Coronavirus Medication Update. Heartburn Medicine Being Studied as Potential Treatment
The search continues to find a cure for the novel coronavirus that is sweeping the world. In the meantime, researchers are looking for anything that may help patients suffering from COVID-19. At the center of one trial taking place in New York with over 180 hospitalized patients is famotidine. Famotidine is the active ingredient in the over-the-counter medication Pepcid that is used for stomach ulcers, heartburn and GERD. Apparently, patients have been quietly enrolled in this trial since March 13, 2020. They receive either a two-drug combination of famotidine and hydroxychloroquine, or just hydroxychloroquine alone. The hope is that famotidine will disrupt the virus’ ability to reproduce by distracting it and acting as a decoy.
Now, that doesn’t mean anyone should run out to the drugstore and load up on Pepcid. Patients in this trial are not taking any over-the-counter products containing famotinie. Instead, they are receiving an IV treatment containing the drug. What’s more, the dose they are receiving is nine times higher than what you would find in products found at your local pharmacy. It will be very interesting to hear the results of this trial, which we should have in a few weeks.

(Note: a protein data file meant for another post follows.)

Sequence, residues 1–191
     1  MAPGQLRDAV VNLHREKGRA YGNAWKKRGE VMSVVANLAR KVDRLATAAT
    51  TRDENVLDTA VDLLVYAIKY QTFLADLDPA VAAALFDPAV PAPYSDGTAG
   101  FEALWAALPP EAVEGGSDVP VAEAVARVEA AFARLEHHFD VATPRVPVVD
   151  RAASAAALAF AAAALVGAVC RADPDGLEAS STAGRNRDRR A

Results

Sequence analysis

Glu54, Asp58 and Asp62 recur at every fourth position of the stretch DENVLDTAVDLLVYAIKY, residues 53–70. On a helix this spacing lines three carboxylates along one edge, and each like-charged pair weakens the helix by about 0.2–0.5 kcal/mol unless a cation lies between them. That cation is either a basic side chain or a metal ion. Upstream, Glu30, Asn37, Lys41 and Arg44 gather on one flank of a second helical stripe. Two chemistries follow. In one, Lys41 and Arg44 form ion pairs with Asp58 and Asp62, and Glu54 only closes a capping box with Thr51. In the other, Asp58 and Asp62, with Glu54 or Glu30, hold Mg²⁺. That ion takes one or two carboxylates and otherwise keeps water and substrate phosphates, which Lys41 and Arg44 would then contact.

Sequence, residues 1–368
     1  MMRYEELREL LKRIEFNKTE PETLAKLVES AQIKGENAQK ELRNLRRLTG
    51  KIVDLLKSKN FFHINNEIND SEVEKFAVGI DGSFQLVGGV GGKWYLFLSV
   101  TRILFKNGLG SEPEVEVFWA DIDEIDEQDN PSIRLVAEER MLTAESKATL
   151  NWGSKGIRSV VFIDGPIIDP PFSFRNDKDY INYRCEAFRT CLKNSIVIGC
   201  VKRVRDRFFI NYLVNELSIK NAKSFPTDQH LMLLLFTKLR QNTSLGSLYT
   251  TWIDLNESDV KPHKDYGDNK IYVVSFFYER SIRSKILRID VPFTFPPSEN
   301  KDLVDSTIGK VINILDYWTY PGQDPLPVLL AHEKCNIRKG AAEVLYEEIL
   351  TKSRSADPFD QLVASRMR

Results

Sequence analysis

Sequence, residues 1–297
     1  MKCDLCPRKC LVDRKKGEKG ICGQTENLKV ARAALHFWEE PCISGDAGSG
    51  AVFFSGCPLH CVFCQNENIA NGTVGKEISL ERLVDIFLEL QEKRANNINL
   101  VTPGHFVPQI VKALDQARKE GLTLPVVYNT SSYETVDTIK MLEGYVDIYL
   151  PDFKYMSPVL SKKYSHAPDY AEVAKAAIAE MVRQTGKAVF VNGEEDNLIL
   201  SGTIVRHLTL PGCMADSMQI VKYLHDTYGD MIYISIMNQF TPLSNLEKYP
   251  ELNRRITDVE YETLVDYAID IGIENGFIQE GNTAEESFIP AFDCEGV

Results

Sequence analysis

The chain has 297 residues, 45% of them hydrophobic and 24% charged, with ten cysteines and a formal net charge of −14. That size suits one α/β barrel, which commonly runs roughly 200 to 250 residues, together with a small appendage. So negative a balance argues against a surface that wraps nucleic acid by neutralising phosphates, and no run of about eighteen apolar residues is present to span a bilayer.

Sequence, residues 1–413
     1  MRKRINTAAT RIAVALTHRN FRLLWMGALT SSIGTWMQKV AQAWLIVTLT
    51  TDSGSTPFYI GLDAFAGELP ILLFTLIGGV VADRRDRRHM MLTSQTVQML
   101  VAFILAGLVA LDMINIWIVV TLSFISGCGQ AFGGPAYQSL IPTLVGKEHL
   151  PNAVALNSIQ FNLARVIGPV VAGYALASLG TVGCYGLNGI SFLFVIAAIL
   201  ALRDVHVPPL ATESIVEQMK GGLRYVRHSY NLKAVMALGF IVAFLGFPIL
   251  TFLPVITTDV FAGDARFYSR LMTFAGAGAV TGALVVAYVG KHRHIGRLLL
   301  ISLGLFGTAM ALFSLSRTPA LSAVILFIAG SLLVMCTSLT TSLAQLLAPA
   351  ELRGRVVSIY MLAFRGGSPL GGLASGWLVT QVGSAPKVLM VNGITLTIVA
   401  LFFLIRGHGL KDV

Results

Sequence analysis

Treating with hydroxychloroquine does carry some very dangerous risks. So much so, that the FDA has cautioned against using the drug outside a hospital or clinical trial setting. The most serious risk is developing an irregular heart rhythm that is so dangerous it can cause death. The largest study on the effects of hydroxychloroquine on COVID-19 is taking place in New York with over 1600 patients. Details on the study results should be released very soon. Sadly, I’m not very optimistic about these results. A recent study at US Veterans Health Administration medical centers did not find hydroxychloroquine to improve patient conditions. Instead, there was a 27.8% death rate among the 97 patients who took the drug, compared to the 11.4% death rate among the 158 patients who did not.
The World Health Organization accidentally posted details from a Chinese trial studying Remdesivir and results were not promising. However, because there weren’t enough people enrolled, the trial was cut short rendering the results inconclusive. Regardless, there is still hope for the effectiveness of Remdesivir. Another study on Remdesivir sponsored by the National Institutes of Health, however, should provide preliminary results in the next week or two. This placebo-controlled double-blind study includes over 570 people from all over the world. So I’m holding out hope for positive news. And, if it turns out that Remdesivir is not a viable therapy to combat COVID-19, scientists around the world are still hard at work looking for safe and effective solutions to the coronavirus pandemic.